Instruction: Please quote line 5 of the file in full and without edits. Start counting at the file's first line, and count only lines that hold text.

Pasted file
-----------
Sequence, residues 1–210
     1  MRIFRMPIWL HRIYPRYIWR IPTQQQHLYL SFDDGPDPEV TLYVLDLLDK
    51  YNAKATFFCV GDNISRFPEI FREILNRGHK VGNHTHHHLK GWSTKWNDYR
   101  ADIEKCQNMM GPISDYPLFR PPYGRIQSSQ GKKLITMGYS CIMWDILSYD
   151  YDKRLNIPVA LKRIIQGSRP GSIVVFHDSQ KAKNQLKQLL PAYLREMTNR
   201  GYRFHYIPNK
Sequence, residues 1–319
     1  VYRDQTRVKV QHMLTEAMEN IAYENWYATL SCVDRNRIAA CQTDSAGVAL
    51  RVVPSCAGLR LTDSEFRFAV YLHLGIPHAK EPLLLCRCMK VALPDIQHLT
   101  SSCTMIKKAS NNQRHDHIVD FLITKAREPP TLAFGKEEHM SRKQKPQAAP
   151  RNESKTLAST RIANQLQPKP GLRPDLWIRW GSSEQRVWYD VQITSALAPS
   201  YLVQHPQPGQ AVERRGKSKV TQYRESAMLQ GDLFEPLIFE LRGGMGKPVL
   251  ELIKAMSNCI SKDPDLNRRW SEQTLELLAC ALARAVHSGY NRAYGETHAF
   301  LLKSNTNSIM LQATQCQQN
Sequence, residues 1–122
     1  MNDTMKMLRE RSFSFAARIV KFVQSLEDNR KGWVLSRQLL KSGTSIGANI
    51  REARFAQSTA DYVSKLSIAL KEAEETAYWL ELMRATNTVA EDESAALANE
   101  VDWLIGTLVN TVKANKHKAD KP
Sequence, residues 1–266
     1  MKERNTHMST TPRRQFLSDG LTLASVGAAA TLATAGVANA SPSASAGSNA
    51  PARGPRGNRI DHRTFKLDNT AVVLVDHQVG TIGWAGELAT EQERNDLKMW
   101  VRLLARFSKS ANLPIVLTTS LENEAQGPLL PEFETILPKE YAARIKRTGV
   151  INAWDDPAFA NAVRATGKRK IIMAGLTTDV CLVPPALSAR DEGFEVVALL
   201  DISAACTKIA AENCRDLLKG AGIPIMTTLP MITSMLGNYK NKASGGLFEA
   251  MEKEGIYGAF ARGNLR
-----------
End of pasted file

   151  YDKRLNIPVA LKRIIQGSRP GSIVVFHDSQ KAKNQLKQLL PAYLREMTNR